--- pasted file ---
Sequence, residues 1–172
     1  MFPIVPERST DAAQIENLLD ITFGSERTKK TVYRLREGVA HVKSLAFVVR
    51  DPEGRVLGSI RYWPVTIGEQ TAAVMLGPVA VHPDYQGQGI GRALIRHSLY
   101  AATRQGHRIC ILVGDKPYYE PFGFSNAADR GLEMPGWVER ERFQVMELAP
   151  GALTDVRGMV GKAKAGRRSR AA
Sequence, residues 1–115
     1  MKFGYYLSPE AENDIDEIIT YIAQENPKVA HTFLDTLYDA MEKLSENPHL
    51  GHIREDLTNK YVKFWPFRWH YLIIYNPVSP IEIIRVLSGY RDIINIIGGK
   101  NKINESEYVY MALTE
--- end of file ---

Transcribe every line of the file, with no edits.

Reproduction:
Sequence, residues 1–172
     1  MFPIVPERST DAAQIENLLD ITFGSERTKK TVYRLREGVA HVKSLAFVVR
    51  DPEGRVLGSI RYWPVTIGEQ TAAVMLGPVA VHPDYQGQGI GRALIRHSLY
   101  AATRQGHRIC ILVGDKPYYE PFGFSNAADR GLEMPGWVER ERFQVMELAP
   151  GALTDVRGMV GKAKAGRRSR AA
Sequence, residues 1–115
     1  MKFGYYLSPE AENDIDEIIT YIAQENPKVA HTFLDTLYDA MEKLSENPHL
    51  GHIREDLTNK YVKFWPFRWH YLIIYNPVSP IEIIRVLSGY RDIINIIGGK
   101  NKINESEYVY MALTE